For Walz, the lessons learned were that “landscape shapes development. This is a concept we used to understand.” She said her public process has helped people understand how to “combine a landscape analysis with local residents’ values, so that in the future the landscape can actually shape development patterns.” Through public input, the community could find out which areas it values the most and preserve. She said those watersheds and natural areas that the community deemed to have the highest value were also “the same assets that will them create a more sustainable and distinctive community.”

She added that planning at the regional scale creates more benefits for communities. “Green landscapes, natural systems don’t end at the city limits.” Forming those partnerships that cross city lines helps create the broader regional vision.

To craft that vision, multiple disciplines should be be involved. “While that brings challenges, there are also great rewards.”

Lastly, Walz said “look for the long-term and large-scale” opportunities. (It’s also clear that the lingo or terminology around green infrastructure may get in the way when trying to reach a community. Walz said “these green infrastructure approaches are valuable regardless of what they’re called.”)

Create Local Connections to Green Infrastructure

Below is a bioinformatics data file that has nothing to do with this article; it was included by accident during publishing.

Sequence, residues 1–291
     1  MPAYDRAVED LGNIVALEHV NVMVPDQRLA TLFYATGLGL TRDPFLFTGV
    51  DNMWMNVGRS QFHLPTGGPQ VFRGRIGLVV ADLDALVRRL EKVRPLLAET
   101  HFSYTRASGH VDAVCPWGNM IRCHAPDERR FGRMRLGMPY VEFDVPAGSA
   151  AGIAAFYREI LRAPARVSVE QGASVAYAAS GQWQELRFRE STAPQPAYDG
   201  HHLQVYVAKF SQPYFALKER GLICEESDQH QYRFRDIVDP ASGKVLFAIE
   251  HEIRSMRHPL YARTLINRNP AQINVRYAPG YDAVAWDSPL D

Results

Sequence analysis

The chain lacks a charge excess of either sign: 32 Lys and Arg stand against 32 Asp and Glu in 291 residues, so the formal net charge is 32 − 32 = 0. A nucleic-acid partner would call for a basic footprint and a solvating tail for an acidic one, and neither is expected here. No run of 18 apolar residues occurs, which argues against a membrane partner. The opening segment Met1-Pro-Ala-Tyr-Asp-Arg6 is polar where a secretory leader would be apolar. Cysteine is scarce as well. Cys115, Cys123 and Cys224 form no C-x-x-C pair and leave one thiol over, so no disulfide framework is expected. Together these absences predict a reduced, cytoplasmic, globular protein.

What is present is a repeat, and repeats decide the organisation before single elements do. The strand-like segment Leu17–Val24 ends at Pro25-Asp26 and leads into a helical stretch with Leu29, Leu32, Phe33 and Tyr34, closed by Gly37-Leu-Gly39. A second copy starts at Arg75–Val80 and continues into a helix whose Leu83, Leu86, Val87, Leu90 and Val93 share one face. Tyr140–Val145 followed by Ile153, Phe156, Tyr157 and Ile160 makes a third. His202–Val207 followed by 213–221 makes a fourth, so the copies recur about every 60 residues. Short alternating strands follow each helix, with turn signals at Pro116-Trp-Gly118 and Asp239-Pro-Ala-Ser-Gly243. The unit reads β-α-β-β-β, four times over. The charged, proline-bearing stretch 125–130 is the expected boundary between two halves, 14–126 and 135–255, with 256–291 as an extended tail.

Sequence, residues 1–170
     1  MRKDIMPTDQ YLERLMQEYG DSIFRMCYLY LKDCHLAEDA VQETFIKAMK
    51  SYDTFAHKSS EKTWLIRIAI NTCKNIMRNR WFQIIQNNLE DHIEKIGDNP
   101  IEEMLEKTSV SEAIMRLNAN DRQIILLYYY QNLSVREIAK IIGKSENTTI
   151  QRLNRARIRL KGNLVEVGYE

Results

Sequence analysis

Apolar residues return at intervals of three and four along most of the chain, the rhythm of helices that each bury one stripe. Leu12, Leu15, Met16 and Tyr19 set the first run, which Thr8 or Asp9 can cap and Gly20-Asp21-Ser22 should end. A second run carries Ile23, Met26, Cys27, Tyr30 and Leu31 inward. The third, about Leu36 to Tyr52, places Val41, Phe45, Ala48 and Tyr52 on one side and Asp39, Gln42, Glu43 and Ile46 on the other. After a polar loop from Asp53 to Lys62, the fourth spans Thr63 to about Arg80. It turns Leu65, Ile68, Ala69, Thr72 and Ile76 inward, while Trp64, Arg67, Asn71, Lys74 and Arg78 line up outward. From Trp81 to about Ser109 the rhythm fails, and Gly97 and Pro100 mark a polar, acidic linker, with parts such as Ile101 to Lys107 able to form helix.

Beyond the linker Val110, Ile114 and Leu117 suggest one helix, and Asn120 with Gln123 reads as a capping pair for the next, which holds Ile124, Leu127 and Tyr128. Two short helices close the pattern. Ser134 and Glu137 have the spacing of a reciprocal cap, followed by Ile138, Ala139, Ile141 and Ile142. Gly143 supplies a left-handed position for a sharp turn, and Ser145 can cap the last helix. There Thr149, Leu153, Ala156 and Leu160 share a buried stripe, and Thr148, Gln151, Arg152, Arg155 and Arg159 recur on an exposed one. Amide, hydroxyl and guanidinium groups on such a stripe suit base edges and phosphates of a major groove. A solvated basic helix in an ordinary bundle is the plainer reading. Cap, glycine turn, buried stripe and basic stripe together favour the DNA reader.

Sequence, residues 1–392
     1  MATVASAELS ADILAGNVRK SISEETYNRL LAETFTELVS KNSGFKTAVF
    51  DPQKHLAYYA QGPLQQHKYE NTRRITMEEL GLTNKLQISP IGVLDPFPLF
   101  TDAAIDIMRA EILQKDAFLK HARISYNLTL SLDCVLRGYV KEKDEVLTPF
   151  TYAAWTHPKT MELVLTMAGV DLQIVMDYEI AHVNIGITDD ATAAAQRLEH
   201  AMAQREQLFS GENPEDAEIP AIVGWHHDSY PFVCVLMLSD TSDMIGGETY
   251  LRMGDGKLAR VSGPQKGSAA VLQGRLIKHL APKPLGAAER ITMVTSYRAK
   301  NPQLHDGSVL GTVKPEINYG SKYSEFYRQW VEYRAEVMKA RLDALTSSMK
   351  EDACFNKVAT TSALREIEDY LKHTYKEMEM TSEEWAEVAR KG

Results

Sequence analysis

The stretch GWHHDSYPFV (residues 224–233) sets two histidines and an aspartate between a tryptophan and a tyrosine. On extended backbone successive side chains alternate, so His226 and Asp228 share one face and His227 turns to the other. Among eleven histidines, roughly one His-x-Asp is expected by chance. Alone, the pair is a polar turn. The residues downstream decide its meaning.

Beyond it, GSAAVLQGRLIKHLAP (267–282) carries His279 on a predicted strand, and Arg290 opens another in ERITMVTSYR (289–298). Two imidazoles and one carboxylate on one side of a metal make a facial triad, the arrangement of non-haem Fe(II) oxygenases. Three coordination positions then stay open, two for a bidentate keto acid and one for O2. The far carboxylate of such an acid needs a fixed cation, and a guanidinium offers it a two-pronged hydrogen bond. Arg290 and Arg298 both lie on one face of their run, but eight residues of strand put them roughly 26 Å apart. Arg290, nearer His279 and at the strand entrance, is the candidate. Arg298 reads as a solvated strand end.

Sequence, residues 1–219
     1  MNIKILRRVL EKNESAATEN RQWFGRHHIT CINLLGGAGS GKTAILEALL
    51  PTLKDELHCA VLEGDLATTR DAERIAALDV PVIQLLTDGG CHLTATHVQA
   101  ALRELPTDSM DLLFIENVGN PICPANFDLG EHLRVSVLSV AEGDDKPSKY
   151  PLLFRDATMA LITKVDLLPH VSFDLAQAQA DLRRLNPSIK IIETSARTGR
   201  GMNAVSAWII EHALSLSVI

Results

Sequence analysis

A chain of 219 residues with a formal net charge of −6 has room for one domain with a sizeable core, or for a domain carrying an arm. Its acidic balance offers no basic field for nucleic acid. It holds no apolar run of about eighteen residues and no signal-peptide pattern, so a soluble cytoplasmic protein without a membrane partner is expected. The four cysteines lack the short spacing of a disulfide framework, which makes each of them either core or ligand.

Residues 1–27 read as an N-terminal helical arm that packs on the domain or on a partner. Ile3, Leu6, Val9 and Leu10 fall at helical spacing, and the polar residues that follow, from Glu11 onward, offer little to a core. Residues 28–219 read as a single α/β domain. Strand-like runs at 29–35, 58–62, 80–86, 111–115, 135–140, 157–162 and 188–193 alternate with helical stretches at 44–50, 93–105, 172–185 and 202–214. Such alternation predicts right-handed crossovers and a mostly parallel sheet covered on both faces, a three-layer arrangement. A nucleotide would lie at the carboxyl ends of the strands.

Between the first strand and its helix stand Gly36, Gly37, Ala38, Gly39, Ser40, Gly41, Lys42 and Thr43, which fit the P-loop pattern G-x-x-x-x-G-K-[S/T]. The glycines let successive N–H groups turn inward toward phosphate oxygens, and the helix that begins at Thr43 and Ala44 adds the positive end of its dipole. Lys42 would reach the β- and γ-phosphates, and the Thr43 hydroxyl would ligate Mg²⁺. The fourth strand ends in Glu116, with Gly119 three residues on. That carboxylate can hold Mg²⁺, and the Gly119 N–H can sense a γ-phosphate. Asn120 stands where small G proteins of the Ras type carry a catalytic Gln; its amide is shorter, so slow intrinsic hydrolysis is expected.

WRT is working on a massive project in Louisville, Kentucky — the Parklands of Floyd’s Fork. At the edge of the city, four parks, each named for a tributary to the waterway, will protect some 3,700 acres along a prime watershed, helping to create a green edge around a city sprawling out.

Bunster-Ossa said he approached the green infrastructure aspects of the project using the “principle of connectivity.” Also important were creating a real local identity for the green infrastructure systems. While the proposed designs offer lots of ecosystem service benefits (approximately $18 million worth, said Bunster-Ossa), it’s really about creating a place people that people can connect to.

Bunster-Ossa introduced another example WRT worked on with Margie Ruddick, ASLA, this time in a highly urban environment: the new 1.5-acre, $45 million Queens Plaza park, which uses plants while also protecting pedestrians in a dangerous intersection, “making green infrastructure visible.” Sidewalks were dug up to form barriers that prevent pedestrians from jaywalking, while rain gardens provide a respite from the urban jungle. The park is viewed as such a useful amenity that Jet Blue recently put its new headquarters a few blocks away.

Bunster-Ossa said nearby buildings weren’t excluded from discussion about the new park. With green infrastructure, you can “flow from the interior of buildings to parks to wateryways, all the way to the region.” Now there’s landscape-scale thinking.

Read the book.

Image credit: (1) APA Books, (2) Demolishing vacant buildings in East Cleveland / Cuyahoga Land Bank, (3) Vacant land in Cleveland / Urban Current, (4) Trinity River / Trinity River Project, (5-6) Floyd’s Fork / WRT, (7) Queens Plaza / Margie Ruddick, WRT.

What Is the Most Critical Issue Designers Don’t Even Know Exists?